Let's start with the headlines: 350km range. 2.5 seconds from 0-62MPH. 53 KWh capacity. 490 horsepower. One Million Euros. Yes, one million Euros. This electric 910 is actually expected to sell for more than an Ex-Works 910 sold for just a few years ago. That said, with just 29 genuine 910s produced, you're unlikely to ever see yourself coming the other way.
Built in cooperation with EVEX, who began building 910 replicas in 1967, this car is aesthetically very true to the original. Though the resemblance to the original car is a large part of this 910E's appeal, the technology underpinning this new model is very impressive.
While many electric cars opt for a single speed transmission, the Kreisel's most novel new feature is a new 2-speed transmission developed for this application. The gearbox is a two speed automatic and features an 8.16:1 first gear and 4.67:1 second gear. Tesla's production models to date have used single speed transmissions; a 9.73:1 unit in the Models S and X, and an 8.27:1 ratio unit in the now out-of-production Roadster.
The unique transmission has to withstand the instant torque from the 360Kw electric motor. The lightweight frame houses a 53KWh battery which accepts a 100kw charger, and Kreisel quotes a realistic range of 217 miles. The car is capable of feeding power back in to the grid, so your electric supercar can power your home in the event of an outage. Power is an impressive 490 horsepower and 568 ft.lbs. of torque; more than double the original car.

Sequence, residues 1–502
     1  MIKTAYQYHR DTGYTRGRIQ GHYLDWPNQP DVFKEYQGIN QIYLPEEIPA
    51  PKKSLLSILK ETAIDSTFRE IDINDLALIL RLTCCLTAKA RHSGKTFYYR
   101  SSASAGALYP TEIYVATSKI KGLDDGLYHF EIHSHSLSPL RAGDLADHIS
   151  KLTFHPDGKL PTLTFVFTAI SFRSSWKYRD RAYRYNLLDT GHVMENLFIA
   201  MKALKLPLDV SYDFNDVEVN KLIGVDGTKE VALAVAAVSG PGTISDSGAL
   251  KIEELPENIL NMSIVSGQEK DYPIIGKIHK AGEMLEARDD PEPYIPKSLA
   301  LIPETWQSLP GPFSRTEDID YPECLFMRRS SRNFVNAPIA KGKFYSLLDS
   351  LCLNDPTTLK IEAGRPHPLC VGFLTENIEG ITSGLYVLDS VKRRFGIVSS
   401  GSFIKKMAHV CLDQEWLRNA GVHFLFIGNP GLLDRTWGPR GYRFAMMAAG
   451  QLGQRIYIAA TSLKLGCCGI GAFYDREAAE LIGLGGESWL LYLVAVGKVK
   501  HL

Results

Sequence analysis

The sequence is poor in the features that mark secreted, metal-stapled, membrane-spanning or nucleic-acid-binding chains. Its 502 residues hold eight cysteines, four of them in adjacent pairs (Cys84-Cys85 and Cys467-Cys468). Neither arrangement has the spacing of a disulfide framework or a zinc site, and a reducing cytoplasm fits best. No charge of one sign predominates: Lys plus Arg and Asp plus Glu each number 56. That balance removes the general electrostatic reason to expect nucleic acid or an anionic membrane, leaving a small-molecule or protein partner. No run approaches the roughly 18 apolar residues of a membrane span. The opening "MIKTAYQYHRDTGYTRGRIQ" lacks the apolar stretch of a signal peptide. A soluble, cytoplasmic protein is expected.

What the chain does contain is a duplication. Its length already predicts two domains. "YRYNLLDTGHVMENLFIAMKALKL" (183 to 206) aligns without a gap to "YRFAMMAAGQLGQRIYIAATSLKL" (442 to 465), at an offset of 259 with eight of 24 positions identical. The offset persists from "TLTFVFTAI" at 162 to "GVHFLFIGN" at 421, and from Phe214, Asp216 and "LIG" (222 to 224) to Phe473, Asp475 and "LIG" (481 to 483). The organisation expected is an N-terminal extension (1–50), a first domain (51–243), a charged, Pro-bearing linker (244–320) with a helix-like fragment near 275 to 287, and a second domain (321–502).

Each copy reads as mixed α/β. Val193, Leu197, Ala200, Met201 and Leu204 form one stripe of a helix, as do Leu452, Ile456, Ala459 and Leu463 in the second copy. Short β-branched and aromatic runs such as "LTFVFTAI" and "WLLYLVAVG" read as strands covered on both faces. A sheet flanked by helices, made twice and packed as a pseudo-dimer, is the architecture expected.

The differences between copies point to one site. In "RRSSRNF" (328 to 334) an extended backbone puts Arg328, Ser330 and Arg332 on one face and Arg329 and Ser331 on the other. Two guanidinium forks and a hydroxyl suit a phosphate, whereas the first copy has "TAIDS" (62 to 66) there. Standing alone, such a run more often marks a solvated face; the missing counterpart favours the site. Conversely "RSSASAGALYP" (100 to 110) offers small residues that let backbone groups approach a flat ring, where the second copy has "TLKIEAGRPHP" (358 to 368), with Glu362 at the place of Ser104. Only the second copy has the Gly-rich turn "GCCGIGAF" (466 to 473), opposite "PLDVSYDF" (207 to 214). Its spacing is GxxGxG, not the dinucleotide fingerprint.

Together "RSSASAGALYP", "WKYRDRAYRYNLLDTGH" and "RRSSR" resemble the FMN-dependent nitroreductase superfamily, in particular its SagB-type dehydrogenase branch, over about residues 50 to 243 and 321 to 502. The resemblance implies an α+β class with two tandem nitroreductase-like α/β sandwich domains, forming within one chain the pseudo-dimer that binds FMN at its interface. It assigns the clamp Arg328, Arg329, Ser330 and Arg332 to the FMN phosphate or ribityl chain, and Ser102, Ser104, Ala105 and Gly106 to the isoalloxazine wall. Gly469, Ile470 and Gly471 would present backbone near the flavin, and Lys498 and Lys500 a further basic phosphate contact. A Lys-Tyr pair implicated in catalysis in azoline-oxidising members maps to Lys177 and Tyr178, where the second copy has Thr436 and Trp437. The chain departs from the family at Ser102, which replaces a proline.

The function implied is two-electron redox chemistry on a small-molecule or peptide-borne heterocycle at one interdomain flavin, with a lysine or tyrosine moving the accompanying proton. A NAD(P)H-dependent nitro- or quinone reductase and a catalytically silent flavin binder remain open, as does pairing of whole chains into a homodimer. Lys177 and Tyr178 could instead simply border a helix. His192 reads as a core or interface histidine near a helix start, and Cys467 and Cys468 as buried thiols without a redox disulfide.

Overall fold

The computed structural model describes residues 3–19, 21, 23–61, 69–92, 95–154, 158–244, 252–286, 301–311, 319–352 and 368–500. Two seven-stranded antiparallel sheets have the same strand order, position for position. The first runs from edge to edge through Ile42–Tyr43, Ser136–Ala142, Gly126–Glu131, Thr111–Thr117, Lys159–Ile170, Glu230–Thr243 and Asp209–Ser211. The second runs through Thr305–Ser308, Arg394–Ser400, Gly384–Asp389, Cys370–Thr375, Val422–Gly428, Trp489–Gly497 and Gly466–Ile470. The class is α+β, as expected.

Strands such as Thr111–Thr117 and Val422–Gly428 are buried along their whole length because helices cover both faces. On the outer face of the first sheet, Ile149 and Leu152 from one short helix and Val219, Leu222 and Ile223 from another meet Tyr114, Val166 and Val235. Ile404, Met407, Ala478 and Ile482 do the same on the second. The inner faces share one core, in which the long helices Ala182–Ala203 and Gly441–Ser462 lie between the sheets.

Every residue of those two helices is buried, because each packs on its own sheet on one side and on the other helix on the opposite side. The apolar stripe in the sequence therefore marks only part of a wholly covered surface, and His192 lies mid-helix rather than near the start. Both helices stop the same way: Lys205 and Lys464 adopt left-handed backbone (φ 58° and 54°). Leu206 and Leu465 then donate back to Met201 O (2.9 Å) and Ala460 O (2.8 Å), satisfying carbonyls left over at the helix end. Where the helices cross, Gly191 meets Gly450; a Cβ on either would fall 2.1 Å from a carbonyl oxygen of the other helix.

Though the 910E is technologically distinct from the original car, aesthetically the two are nigh-on indistinguishable. The only obvious visual clues to the car's modernity are the mirrors and Fuchs wheels(the original would have used Magnesium centerlock wheels). Powerplant aside, the new car's biggest difference from the original is weight. The new electric car weighs 2474lbs. This is about 700lb more than a standard 3.2l EVEX 910, or about 1,100lbs more than the original.
Kreisel has not provided photos of the interior, though considering the compact dimensions of the 910's cockpit, it's likely to be short on space and luxury. That said, as this car is based on a classic sports racer, neither of those things were in its original MO. Not even the Schuppan 962 managed to get over both of those fundamental issues of turning a pure racing car into a street car.
This is not Kreisel's only electric car project, but it will be their first to enter production. Other current projects include an electric conversion of the Porsche Panamera 4S, plus conversions of the BMW 3-Series, Sprinter Van and several other vehicles. They have also worked with Arnold Schwarzenegger to create an electric G-Wagen and have tripled the range of Volkswagen's E-Golf. Details are available on Kreisel's website. Further details of the 910E project can be found here.